Flora SanchezFlora Sanchez
Assistant Director
Induction Mentor & Clinical Professor, PIE,
Boulder Valley School District




Marjorie McIntoshMarjorie McIntosh
Distinguished Professor – University of Colorado

Philosophy, Vision and Strategy

The Teacher Workshop and Resource Gallery are designed around these successful education principles.

  1. Engaged Learners: Students learn history best when it connects with their lives and they are engaged learners. Incorporating Latino History into district classrooms does just that.
  2. Master Teachers: Our highly recommended participating teachers included many award winners, National Board Certified and district leaders. Our support team included master teachers, curriculum experts and educational interns.
  3. Collaboration: Teachers need time, collegial interactions, and curricular support to write lesson incorporating new material (Latino History) and pedagogical techniques (Primary Sources).
    Standards: Participants connected their lessons with Colorado Standards, District Curriculum, Teaching Tolerance Anti-Bias Framework and WIDA English Language Development Standards.
  4. Learning History: Teachers can’t teach what they don’t know. The workshop and resource galley include significant historical training with CU Distinguished Professor Marjorie McIntosh.
  5. Primary Sources: The rich treasure trove of primary sources available are well suited for current teaching demands that require students to learn from primary sources. The Library of Congress teacher materials served as our model.
  6. Teaching Techniques: Learning from primary sources and history requires engaging techniques that were modeled in the workshop and teachers incorporated into their lessons. Again, the Library of Congress teacher materials served as our model.
  7. Challenging Issues: Issues of ethnicity, race, and discrimination present challenges for classroom teachers. We share resources and techniques designed to provide safe and supportive classrooms for exploring these often personal and divisive issues.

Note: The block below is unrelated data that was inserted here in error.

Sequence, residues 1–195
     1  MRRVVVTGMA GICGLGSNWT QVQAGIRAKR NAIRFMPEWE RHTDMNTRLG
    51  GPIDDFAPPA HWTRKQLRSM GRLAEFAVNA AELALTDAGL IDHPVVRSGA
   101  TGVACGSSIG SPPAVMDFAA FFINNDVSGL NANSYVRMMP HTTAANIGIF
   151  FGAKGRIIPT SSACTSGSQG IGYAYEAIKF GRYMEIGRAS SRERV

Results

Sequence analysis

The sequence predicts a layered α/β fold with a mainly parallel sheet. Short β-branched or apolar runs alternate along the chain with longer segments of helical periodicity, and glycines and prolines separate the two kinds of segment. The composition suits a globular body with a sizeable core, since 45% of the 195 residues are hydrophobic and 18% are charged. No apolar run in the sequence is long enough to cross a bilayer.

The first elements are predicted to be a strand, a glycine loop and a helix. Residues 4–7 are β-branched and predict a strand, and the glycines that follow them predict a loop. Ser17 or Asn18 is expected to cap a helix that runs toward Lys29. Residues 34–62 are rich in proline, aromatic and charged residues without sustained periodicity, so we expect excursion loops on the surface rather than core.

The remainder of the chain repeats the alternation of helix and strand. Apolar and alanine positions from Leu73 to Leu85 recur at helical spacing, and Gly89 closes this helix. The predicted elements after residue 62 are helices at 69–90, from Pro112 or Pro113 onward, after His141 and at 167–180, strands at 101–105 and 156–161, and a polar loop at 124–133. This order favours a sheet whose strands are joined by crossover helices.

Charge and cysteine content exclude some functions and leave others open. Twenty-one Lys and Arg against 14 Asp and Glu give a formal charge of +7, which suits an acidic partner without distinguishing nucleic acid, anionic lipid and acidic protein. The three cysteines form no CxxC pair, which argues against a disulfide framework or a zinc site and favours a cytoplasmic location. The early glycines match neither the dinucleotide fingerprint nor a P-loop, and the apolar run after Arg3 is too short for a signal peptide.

“I want to teach all my students (the Latinos and everyone else) about their culture and the culture of their classmates. I think it is important for students to connect with what they are learning and also to build empathy. It helps to make connections to what has happened locally as well as looking at a global perspective.”

JSJeanette ScottiElementary Teacher, Columbine Elementary School

“We have many Latino students in our classrooms. Students need to be able to feel connected to what they are learning and it’s important for them to see their culture represented in history. This helps them feel that they are “from” history also and that their culture in valued.”

Sandoval_PatriciaPatricia Sandoval Social Studies Teacher, Angevine Middle School

“As a civil rights issue, it important to teach the importance of tolerance and inclusion.”

Clark, MartinMartin ClarkSocial Studies Teacher , Mead High School

“It is necessary to incorporate this rich and very important culture considering that it applies to so many of our students and their families!”

Jiron_Carly38Carly JironELL Teacher, Longmont High School